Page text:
I use GitHub because it makes it easy to download scripts and files straight from the terminal (in fact, you don't even need a monitor, keyboard, or mouse with the Raspberry Pi for this reason--you can SSH in and do it through the terminal on your laptop or desktop). Once you download all those files from GitHub, we still have to integrate it with all those other libraries we downloaded, and actually install it.

These few lines,

cd OpenCPN
sudo mkdir build
cd build





make a build folder inside the OpenCPN directory, which is what we use to build/compile/install OpenCPN. The next commands,

sudo cmake ..
sudo make -j3
sudo make install

do the actual installation of OpenCPN. It takes a while to accomplish, especially because the RPi isn't exactly a high powered processor. The -j3 basically helps to prevent crashes. But it still probably will crash after you do the sudo make -j3 command... in which case, unplug the RPi, wait a few seconds, plug it back in, and then:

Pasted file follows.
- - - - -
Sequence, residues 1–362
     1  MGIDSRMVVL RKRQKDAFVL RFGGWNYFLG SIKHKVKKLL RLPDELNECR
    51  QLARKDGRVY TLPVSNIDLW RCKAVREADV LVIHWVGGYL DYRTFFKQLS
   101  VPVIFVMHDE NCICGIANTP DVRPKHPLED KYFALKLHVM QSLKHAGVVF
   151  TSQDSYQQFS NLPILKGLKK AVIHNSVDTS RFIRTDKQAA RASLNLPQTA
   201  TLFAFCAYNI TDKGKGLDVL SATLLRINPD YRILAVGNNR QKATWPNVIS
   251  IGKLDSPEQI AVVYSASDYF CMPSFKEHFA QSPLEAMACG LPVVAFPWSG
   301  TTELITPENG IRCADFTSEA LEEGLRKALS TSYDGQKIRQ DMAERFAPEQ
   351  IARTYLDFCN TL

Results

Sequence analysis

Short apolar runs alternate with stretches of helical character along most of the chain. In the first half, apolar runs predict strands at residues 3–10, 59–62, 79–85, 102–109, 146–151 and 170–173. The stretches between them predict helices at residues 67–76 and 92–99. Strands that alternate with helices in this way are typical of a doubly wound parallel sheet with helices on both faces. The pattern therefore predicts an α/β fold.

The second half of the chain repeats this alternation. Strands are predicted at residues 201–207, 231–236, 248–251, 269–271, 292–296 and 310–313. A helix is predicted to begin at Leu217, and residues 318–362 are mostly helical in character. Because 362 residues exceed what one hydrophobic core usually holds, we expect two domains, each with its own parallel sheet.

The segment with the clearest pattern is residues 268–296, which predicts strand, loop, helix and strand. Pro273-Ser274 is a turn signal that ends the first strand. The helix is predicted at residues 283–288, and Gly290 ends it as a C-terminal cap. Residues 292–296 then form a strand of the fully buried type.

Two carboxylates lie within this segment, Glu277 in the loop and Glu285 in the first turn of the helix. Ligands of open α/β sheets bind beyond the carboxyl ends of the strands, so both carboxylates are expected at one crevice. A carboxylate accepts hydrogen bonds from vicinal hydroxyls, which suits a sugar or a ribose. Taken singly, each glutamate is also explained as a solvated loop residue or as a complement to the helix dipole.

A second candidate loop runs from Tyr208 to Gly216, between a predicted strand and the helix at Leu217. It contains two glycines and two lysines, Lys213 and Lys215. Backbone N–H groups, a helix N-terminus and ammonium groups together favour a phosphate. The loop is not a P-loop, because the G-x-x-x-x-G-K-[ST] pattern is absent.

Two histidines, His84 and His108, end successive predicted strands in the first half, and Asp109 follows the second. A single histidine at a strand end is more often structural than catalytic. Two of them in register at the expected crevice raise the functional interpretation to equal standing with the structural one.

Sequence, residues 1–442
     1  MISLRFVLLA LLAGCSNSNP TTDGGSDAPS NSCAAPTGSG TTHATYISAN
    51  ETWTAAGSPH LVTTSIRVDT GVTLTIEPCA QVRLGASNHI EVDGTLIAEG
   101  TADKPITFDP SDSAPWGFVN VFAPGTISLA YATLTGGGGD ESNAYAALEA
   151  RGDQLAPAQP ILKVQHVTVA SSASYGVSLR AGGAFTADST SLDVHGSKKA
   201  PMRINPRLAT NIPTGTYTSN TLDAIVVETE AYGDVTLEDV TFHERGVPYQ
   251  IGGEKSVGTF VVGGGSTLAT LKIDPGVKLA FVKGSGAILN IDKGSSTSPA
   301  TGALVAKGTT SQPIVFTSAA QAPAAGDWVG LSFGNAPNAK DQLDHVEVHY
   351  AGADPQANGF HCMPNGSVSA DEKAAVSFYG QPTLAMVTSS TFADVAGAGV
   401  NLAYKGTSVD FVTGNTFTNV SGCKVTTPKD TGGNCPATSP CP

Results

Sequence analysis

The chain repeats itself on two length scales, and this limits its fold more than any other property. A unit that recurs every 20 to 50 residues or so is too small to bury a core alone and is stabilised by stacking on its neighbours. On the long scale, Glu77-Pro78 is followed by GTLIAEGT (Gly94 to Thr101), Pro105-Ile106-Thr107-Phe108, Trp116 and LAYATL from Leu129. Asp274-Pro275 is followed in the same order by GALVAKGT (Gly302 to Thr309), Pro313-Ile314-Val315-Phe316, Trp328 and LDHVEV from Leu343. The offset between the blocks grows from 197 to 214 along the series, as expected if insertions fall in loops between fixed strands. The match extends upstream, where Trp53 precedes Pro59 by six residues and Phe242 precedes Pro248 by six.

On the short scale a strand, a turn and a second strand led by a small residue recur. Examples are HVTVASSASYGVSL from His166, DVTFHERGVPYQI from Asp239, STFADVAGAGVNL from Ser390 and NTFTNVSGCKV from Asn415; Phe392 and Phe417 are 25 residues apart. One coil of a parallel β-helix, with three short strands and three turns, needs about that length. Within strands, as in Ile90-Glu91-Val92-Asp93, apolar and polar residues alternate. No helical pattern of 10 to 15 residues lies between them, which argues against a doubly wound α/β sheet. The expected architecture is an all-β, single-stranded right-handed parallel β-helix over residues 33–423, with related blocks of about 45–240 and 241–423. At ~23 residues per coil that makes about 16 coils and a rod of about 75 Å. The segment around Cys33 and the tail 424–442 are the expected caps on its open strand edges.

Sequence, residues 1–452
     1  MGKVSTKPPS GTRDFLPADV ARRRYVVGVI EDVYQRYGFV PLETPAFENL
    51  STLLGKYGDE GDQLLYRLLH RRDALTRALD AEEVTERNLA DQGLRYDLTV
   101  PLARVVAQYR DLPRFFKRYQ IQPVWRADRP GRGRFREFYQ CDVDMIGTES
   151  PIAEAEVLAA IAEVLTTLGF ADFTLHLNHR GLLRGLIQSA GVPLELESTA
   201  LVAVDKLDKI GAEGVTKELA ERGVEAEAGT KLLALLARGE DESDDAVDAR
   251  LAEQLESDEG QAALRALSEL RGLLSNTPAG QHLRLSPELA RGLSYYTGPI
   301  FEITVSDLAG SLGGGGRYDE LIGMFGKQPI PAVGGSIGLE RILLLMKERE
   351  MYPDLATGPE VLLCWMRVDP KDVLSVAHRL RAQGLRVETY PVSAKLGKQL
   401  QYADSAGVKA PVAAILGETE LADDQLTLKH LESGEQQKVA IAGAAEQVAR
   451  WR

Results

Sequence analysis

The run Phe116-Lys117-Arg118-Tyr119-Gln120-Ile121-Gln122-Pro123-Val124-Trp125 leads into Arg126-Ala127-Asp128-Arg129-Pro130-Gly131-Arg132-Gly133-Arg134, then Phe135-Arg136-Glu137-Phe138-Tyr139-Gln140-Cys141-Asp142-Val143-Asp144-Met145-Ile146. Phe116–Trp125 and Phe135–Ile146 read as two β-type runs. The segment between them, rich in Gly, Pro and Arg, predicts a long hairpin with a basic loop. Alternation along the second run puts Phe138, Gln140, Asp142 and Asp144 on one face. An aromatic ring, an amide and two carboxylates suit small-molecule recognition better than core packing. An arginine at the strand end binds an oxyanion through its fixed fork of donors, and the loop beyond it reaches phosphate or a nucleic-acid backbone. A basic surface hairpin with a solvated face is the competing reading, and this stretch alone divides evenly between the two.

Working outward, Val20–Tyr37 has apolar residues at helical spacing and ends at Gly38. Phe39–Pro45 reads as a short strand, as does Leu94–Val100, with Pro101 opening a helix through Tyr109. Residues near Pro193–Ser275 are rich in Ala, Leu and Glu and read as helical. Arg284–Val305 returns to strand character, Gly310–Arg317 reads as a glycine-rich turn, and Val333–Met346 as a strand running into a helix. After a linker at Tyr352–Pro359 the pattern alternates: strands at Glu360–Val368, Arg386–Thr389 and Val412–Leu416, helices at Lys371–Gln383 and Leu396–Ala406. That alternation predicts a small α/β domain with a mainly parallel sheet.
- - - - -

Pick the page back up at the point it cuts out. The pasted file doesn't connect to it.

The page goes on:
cd OpenCPN/build
sudo make -j3

This will restart the process right where you left off. Repeat as necessary. It crashed on me three times. Don't confuse a crash with the monitor from turning off (I deal with this later).

When it's installed, do this:

sudo nano /boot/config.txt

Add these two lines to the file:

framebuffer_depth=32
framebuffer_ignore_alpha=1

Now that OpenCPN is installed, let's make it nice and polished for use. First of all, we'll need some charts.

Downloading Raster/Vector Charts for OpenCPN


This is a guide for easily getting US charts for OpenCPN. Allegedly, the vector charts don't work well on a Raspberry Pi, but I didn't notice anything slow on my 2 Model B+. This is totally up to you which one you want.